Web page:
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May 21, 2004

Under The Knife

Need for Speed

by Will Carroll

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It was another day at the Indy Motor Speedway today, where I give hourly updates on nothing. Nothing happens, really. The same cars go out and do laps (very fast), then come in. The excitement is, maybe, a crash, but there was only one of those. Thankfully, no injuries and barely any damage to the million-dollar car. But the funny anecdote is that I was sitting with one of the drivers and he turns to me and says "you're the baseball guy on the radio, right?" I said, yes. He paused and said "If I got a couple million dollars together, could I get to play for a team?" It took me a second to realize he wasn't kidding. "No, (name), it's not like racing. You'd have to go through the minors and all that." He shook his head. "That sucks. Doesn't seem fair." I wasn't sure if he was joking, but later, his cell phone rang. The ring tone? "Take Me Out To The Ballgame." On to the injuries...

  • I just knew turning UTK in early would make me miss something. About two hours after I turned it in (he says at 1 am the next night), the news began leaking that the Angels finally had a diagnosis on Garret Anderson. Inflammatory arthritis of the neck and shoulders is treatable, but the normal therapy of anti-inflammatories seems to be something he would likely have already been on. The "gold standard" of Celebrex or Vioxx, two Cox-2 inhibitors, is getting to be the aspirin of the professional athlete. Anderson should respond relatively quickly to therapy on this, but reports indicate that the Angels don't expect him back until the All-Star break. There's some interesting research being done on arthritis and DHEA, but it's still a poorly understood condition. There are also some amazingly bad "therapies," but we'll leave faux cures like prolotherapy for another day.

  • There are some whispers from Dodger Stadium that Shawn Green is beginning to have the problems with his surgically repaired shoulder that I termed inevitable. Green's labrum surgery last season left him better than before, but it was likely that it would create some bone on bone friction. That friction would lead to chips and pain. The question then was not if, but when and if the when would be late enough in the season to have surgery in the off-season. With pain, his power numbers dipped last season. That's where the tell will be if this rumor is true.

  • The Cubs were being cautious by sending Kerry Wood to the DL. While MRI results and even a bullpen session didn't cause much concern, they decided to err on the side of caution. The more interesting question is the DL move itself. Since Wood served his suspension during his missed start, the rules look like he couldn't be put retro back to the original missed date, but instead would only be allowed to go back to the first date after the five-day suspension. I looked at the rule and can't decipher it, so I'll wait for the commissioner's ruling. This puts the Cubs in the unenviable position of a couple series against top division opponents without their top two pitchers, but might put them in a better position coming down the stretch.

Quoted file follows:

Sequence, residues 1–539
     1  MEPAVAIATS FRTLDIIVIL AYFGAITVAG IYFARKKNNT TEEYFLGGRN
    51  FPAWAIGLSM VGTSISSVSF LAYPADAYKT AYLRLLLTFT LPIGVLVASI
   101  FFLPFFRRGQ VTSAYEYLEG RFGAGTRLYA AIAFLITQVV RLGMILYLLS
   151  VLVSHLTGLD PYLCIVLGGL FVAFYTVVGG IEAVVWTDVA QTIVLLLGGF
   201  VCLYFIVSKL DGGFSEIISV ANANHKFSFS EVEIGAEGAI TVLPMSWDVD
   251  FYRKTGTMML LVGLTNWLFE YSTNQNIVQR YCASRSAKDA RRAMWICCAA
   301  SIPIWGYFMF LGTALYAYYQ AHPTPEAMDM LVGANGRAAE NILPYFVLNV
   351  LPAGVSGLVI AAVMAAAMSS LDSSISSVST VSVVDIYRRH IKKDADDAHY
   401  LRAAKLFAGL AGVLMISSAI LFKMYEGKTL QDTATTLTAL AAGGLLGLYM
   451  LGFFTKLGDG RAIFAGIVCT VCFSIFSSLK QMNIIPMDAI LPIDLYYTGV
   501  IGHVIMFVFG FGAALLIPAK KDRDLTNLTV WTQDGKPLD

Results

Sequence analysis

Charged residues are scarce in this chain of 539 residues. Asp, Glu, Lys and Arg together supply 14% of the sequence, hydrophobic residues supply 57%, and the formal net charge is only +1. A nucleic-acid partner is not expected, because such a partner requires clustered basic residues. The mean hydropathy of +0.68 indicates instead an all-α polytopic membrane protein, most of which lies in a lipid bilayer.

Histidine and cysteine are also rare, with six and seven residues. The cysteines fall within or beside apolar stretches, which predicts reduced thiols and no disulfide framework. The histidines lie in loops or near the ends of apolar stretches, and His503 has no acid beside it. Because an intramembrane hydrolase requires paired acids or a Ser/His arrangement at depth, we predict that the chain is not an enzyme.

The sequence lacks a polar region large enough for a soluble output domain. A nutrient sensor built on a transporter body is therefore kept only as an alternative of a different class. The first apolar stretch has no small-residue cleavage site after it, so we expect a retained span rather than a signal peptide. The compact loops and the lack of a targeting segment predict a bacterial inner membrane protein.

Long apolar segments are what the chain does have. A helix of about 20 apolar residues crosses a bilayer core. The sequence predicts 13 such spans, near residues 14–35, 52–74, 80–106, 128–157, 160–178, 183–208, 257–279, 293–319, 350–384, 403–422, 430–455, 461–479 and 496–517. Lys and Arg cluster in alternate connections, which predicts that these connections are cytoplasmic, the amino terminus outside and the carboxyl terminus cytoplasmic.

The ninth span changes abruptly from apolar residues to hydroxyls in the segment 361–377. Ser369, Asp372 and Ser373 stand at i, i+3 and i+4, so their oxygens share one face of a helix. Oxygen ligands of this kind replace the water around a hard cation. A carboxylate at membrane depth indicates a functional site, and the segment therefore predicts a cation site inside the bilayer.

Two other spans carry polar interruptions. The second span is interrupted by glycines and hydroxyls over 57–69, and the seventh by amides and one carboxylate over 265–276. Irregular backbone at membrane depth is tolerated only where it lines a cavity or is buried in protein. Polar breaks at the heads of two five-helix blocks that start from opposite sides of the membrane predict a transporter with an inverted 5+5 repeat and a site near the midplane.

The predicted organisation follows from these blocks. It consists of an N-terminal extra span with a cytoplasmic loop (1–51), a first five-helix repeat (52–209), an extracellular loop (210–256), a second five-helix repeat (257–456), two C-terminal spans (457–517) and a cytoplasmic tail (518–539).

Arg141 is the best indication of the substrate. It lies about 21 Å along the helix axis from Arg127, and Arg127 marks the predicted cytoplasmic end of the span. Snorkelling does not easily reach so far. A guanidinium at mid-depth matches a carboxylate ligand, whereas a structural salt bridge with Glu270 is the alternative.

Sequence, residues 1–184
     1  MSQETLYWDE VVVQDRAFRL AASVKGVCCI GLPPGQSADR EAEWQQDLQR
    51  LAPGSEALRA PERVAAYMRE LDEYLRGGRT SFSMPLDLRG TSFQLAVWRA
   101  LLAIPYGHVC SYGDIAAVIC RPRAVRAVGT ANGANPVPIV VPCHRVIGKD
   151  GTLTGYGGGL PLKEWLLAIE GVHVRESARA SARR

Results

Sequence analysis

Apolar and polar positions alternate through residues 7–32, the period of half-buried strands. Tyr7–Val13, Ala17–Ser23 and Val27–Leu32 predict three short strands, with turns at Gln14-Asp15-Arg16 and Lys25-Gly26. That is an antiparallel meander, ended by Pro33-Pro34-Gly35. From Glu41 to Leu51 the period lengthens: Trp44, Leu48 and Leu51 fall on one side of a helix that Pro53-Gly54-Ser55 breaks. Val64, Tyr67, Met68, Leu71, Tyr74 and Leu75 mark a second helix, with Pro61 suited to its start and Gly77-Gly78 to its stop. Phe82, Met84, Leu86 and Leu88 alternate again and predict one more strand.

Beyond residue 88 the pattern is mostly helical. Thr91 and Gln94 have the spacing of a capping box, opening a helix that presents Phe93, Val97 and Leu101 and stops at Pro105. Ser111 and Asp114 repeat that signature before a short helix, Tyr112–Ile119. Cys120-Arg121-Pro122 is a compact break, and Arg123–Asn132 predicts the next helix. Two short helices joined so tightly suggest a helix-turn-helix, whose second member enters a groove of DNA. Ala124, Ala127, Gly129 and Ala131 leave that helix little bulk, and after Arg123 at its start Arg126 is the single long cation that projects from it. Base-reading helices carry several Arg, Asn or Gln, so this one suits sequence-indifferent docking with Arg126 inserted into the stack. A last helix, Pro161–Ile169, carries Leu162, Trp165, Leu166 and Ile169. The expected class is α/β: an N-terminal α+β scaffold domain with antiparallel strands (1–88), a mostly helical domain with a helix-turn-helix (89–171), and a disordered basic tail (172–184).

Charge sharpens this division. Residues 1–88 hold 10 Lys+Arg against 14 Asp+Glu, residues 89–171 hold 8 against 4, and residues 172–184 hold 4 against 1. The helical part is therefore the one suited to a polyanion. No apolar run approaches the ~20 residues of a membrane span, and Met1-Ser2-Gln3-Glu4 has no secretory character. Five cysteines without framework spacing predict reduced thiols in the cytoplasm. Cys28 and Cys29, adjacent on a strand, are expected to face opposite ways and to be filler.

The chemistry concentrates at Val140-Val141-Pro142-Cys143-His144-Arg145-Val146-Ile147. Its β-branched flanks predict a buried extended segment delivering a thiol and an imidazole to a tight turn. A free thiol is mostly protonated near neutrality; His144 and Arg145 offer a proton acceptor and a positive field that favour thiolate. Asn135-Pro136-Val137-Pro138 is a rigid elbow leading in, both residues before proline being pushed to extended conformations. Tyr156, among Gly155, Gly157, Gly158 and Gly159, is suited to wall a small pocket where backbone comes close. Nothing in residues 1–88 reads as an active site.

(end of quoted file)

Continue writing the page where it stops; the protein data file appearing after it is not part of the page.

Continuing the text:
• Mark Prior did one thing for his team Thursday: He sold a lot of tickets for the Lansing Lugnuts. The announced crowd was just under 10,000. He pitched against the sons of Fernando Valenzuela and Bruce Bochy. Prior had a successful Single-A rehab start, going 45 pitches and not giving up a hit in three innings. His control was a bit off as he threw 20 balls, but his velocity (90-94 mph) and command were adequate. The Cubs were happy with the result and his next start should come Tuesday at a location to be determined.

  • Al Leiter heads to the DL with tendinitis in his left pitching shoulder. Leiter expects to be back at the minimum; the DL stint allows him to have therapy and get the swelling down before coming back. As stated before, Leiter is expected to retire after the season and will have more leeway in playing through pain than most. If he's forced to shut it down or have surgery, that's probably a career for Leiter. There are situations where playing through pain make sense, though not many.

  • Danny Wright is facing the worst-case scenario. After losing his spot in Ozzie Guillen's rotation, he's now on his way to visit Jim Andrews. An MRI showed significant shoulder damage, which was expected. The surprise was the extent of damage in his elbow. With both injuries potentially needing surgery, Wright may be in for a long, tedious recovery, one that may mirror Jaret Wright's of recent years.

  • The Braves will get Rafael Furcal back this week. The move to second base will help his injured finger, but it appears he's far from healed. He doesn't anticipate being able to make more than a handful of throws without having a recurrence of the pain and swelling. It's unclear how this will affect his hitting, but it can't be a positive. Keep your eyes on his early results--Furcal's a major risk at this stage.